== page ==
WASHINGTON — US Chief Justice John Roberts was sworn in on Thursday afternoon on the Senate floor for the long-awaited impeachment trial of US President Donald Trump, the third president in US history to face such a trial in the upper chamber.
The trial is set to begin on Tuesday with Roberts presiding.
SENATORS SWORN IN
After taking his oath, Roberts swore in 99 of the 100 senators who will serve as impeachment jurors with the oath to deliver “impartial justice.”
Senator James Inhofe, a Republican from the western state of Oklahoma, was absent Thursday reportedly for a family medical issue.
“Will all senators now stand, and remain standing, and raise their right hand,” Roberts said. “Do you solemnly swear that in all things appertaining to the trial of the impeachment of Donald John Trump, president of the United States, now pending, you will do impartial justice according to the Constitution and laws?”
Together the senators responded “I do” at their desks and then were called up to sign the impeachment trial oath book in groups of four.
After the swearing-in ceremony, Senate Majority Leader Mitch McConnell gave the House until Saturday and the White House counsel until Monday to deliver trial briefs outlining their arguments, allowing a House deadline for rebuttal the following day.
Trial rules approved by the Senate on Wednesday prohibit senators talking or using cellphones during the trial proceedings.
According to the US Constitution, the chief justice serve as the presiding officer. Senators will ultimately render the verdict.
Prior to Roberts and senators being sworn in, House impeachment managers, all Democratic lawmakers, came to the Republican-run Senate at noontime on Thursday and formally read the two articles of impeachment accusing Trump with abuse of power and obstruction of Congress.
“With the permission of the Senate, I will now read the articles of impeachment,” said lead manager Adam Schiff, chairman of the House Intelligence Committee, on the Senate floor.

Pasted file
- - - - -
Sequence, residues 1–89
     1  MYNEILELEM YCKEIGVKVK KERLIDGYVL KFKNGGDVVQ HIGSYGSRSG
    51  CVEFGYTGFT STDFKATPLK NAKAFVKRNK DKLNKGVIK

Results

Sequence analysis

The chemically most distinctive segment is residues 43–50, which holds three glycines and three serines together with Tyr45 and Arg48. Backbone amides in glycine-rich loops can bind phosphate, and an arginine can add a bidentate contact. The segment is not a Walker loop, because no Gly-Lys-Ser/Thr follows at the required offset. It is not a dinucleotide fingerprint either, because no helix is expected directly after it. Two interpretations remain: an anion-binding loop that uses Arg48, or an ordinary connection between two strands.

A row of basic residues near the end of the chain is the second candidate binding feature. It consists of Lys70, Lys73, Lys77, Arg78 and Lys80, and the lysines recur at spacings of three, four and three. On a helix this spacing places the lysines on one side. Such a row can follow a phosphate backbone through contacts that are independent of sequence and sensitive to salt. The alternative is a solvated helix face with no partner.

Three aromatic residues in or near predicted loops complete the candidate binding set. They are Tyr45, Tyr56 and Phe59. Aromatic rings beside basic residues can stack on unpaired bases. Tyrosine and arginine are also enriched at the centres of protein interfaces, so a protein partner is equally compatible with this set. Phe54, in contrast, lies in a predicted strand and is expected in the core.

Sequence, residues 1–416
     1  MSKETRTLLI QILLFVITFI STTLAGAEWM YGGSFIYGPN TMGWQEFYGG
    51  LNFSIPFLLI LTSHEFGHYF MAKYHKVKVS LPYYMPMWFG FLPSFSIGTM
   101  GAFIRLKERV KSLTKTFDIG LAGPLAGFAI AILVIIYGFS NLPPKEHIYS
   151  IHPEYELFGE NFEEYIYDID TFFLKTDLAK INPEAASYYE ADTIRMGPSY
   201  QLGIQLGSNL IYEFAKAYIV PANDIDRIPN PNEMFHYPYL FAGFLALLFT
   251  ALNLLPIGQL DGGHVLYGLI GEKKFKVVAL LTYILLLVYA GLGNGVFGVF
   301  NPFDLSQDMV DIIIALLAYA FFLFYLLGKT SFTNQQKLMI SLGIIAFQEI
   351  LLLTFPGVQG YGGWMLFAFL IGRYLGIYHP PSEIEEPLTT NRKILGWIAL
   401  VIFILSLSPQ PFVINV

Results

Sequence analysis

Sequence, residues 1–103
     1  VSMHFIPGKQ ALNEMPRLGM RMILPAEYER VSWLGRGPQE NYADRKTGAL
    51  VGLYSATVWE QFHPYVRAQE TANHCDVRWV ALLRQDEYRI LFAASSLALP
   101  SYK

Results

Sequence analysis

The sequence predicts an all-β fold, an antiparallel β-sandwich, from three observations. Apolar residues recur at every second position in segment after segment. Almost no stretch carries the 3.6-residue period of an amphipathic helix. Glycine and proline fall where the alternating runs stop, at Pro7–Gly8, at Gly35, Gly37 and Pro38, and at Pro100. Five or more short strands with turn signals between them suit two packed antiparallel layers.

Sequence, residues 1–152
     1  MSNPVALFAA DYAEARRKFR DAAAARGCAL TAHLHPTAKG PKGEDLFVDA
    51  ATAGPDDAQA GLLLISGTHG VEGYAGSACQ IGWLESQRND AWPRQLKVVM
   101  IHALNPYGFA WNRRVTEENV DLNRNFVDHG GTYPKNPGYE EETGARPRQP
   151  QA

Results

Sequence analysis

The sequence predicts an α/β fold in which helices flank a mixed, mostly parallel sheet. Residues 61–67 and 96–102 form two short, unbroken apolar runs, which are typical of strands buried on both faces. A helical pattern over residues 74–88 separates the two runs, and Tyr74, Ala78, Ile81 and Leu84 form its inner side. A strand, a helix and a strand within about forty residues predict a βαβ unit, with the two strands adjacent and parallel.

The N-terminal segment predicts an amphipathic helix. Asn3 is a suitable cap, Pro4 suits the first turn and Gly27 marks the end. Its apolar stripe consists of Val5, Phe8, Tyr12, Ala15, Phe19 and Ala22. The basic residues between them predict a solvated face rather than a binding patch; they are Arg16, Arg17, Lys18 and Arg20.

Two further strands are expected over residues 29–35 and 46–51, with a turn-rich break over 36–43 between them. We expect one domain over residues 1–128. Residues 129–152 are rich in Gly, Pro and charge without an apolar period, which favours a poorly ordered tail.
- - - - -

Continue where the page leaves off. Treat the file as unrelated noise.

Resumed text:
“House Resolution 755 Impeaching Donald John Trump, president of the United States, for high crimes and misdemeanors,” Schiff began, reading the nine-page impeachment document.
The first impeachment article accuses Trump, by using the powers of his high office, solicited the interference of a foreign government, Ukraine, in the 2020 US presidential election to his advantage.
Proceeding to the second article on obstruction of Congress, Schiff said the White House directed former and current administration officials not to cooperate with House committees. and as a result, nine officials have defied House subpoenas.
“This abuse of office served to cover up the president’s own repeated misconduct and to seize and control the power of impeachment – and thus to nullify a vital constitutional safeguard vested solely in the House of Representatives,” Schiff said.
Earlier on Thursday, the Government Accountability Office (GAO), a top government watchdog, said the Trump administration violated the law by withholding congressionally approved military aid to Ukraine last summer “for a policy reason”.